3 Tips for Accounting Firm Practice Management
It’s no surprise that the accounting industry and its professionals are focused increasingly on how global markets impact practice management and client service. But when asked about the top three concerns among accounting firm leaders, BKR International, one of the world’s leading associations of independent public accounting firms, cited an overwhelming focus on the following:
1. Security Awareness
Financial advisory firms of all sizes are actively targeted by hackers in search of client data, according to a top cyber security threats report by BKR International last year, in tandem with the Identity Theft Council in California. Public accounting firms — at least in the U.S. — may be required in the future to comply with minimum federal data security standards.
In the meantime, firms should have a few of their own standards in place to mitigate risks against hackers as well as minimize legal liability risks. Document retention policies, reviewed written communications protocols, technology upgrades and — most importantly — staff training top the list.
2. Multigenerational Engagement
Most companies have experienced the challenge of managing up to four generations of employees: the founding and part-time Traditionalists, the executive and immersed Boomers, the results-oriented GenXrs and the agile Millennials. Understanding the perceptions and expectations of each generation isn’t easy, but all of them contribute something significant to your firm.
Every firm should understand the generational composition of staff and educate leaders on how to adapt policies, processes and opportunities to support full engagement. Communicate regularly about generational attributes and differences to enhance team communication and collaboration. There is a wealth of information out there to learn about each generation of employee. Consider including multiple generations on teams for richer solutions.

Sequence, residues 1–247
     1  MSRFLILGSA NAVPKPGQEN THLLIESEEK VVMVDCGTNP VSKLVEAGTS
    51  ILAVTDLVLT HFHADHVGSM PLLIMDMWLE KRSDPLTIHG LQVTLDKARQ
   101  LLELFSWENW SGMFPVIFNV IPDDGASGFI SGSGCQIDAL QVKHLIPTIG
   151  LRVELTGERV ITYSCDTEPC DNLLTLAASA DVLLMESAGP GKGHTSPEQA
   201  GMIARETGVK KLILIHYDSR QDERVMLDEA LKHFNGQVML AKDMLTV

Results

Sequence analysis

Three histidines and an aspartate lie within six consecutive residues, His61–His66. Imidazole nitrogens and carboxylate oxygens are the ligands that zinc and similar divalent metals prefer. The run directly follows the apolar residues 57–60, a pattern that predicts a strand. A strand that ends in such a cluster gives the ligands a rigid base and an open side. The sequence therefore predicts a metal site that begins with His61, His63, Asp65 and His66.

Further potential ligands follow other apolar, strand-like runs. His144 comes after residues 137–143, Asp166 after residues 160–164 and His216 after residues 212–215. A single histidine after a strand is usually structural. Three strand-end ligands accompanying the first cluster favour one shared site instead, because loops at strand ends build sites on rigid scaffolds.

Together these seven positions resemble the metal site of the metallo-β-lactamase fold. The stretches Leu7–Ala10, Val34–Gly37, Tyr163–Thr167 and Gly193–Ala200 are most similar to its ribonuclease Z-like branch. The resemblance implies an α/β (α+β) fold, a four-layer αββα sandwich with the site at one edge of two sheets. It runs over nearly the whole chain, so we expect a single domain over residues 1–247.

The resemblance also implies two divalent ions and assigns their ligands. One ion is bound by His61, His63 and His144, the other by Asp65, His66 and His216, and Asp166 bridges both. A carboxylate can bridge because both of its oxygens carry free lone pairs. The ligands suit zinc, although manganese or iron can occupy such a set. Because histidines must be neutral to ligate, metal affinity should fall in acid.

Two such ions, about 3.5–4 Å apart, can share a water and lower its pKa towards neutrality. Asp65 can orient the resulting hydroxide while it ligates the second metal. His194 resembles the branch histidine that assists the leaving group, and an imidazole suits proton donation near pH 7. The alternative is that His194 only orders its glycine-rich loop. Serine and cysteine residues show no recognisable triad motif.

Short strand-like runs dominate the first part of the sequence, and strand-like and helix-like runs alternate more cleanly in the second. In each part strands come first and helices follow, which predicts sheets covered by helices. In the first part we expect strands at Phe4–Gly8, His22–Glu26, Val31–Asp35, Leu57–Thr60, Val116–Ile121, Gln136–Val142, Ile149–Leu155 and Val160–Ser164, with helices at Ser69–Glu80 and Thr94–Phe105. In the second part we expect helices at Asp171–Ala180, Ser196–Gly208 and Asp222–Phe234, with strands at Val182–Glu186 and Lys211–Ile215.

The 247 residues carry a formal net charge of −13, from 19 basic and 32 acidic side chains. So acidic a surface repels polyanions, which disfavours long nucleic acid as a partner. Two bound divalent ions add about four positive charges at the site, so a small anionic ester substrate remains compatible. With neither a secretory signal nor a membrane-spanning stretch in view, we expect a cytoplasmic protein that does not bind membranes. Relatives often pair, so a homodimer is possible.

If your firm demographics trend a little older or a little younger, this can impact your ability to grow, retain staff or relate to clients. Look for ways to balance out the age range in your recruitment and retention efforts. Make sure that younger employees understand the opportunities for skill building and professional advancement while mid-career employees can anticipate new and challenging engagements. Experienced leaders should be actively engaged in the firm’s vision and growth strategy.
3. Anticipating What’s Next
Speaking of anticipation, clients are increasingly looking to their CPAs to get beyond reactive or transactional relationships and help them prepare for the future. The challenge is that partners and managers are often just as bogged down with daily compliance service deadlines as the teams they oversee. Lack of capacity makes it difficult to see the forest for the trees and focus on the future inside the firm, let alone consult about it with clients.
But anticipating the future for clients is a critical core competency that firm leaders are integrating with their service offerings, their staff development and their approach to client relationships. Clients expect regular delivery of value, translated as new ideas, risk mitigation, assessment, strategizing and foresight. Accounting has traditionally been about recording the past. Internationally minded accounting firms understand the importance of using that historic data to make effective business decisions now while also projecting what’s next.
Many experts say ‘big data’ is ushering in the next industrial revolution. Accounting firms are among the best at collecting and analyzing all of this data. It will be their jobs to protect it, engage more people to oversee it, and anticipate how businesses can benefit from it. Read more on CPA Practice Advisor.